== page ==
Connect
To Top

Check out Nancy Gruskin’s Artwork

Today we’d like to introduce you to Nancy Gruskin.

Nancy, we’d love to hear your story and how you got to where you are today both personally and as an artist.
My story has a lot of plot twists. I studied art history and studio art in college and then moved to Boston for graduate school. I completed a doctorate in art history at Boston University and spent several years teaching in area colleges and universities. Frustrated with the scarcity of tenure-track jobs, I applied to New England School of Law’s night program. After some lost years as an attorney–in all seriousness, they were good years, spent clerking and then representing indigent criminal defendants on appeal–I knew I had to return to my first love, painting. As they tend to do, opportunities presented other opportunities. I feel very fortunate to have at this point exhibited in some great galleries and to be able to teach at the Concord Center for the Visual Arts and for other arts organizations.

We’d love to hear more about your art. What do you do you do and why and what do you hope others will take away from your work?
I paint in a studio in my house and that setting has shaped my work in a couple of ways. From a materials perspective, I no longer work with oil paints, as they just don’t jibe well with the people and animals I share my home with. I’ve come to love water-based media–my current favorites are acrylic gouache and Flashe vinyl paint–as I’m able to work and re-work paintings rather quickly. I think there are slow painters and fast painters and I tend to be in the latter category; most of my paintings are done in one painting session. Having a studio in my house has also affected what I paint. My paintings tend to focus on domestic, everyday experiences. I walk around the house and see beauty in the dirty dishes in the sink, or the tulips on the dining room table, or the shape of my son as he bends down to tie his sneakers. I often start painting directly in front of the object that inspired it, but then I take it into my studio and try to make it an interesting combination of shapes and colors rather than a literal translation of what I saw. So, it’s a mix of direct observation, some use of photographs, and some borrowing from imagined spaces. I’ve also become very interested in digital painting on my iPad. There’s such an immediacy to the process and there’s no feeling of preciousness that there is sometimes with traditional materials. I find that it encourages me to experiment and take more risks.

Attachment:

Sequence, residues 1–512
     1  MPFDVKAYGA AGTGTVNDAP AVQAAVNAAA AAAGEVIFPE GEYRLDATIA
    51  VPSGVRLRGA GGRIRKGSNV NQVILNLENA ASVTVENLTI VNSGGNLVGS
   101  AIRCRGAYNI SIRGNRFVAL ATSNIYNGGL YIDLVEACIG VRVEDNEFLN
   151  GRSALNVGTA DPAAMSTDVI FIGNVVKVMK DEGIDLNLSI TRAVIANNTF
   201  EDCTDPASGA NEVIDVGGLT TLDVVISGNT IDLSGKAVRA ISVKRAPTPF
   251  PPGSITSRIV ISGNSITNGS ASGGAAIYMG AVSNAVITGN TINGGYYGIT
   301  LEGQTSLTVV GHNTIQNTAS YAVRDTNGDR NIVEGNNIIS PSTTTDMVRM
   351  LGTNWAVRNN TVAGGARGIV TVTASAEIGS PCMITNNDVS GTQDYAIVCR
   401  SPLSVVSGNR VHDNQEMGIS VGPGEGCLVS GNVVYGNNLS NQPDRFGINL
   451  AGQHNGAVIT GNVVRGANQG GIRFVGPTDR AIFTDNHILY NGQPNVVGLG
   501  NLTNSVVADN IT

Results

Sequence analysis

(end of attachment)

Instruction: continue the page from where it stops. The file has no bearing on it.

Artists face many challenges, but what do you feel is the most pressing among them?
I think the biggest challenge facing artists today is determining where their next paycheck will come from. The internet and the proliferation of social media sites have made getting an audience for one’s work easier in many ways, but the problem of getting people to actually buy art remains. The challenges are compounded for artists who are primary caregivers for children–it’s hard to make art or accomplish any work for that matter, in stolen moments.

Do you have any events or exhibitions coming up? Where would one go to see more of your work? How can people support you and your artwork?
People can see my work online through my website (www.nancygruskin.com) and on Instagram (nancygruskin). I try to keep both updated with my exhibition schedule. People are also always welcome to visit my studio to see work in person–a very friendly Golden Retriever acts as the gallery receptionist. Archival art prints of my iPad drawings are available online at https://nancygruskin.bigcartel.com/.

Contact Info:

Getting in touch: BostonVoyager is built on recommendations from the community; it’s how we uncover hidden gems, so if you know someone who deserves recognition please let us know here.

Leave a Reply

Your email address will not be published. Required fields are marked *

More in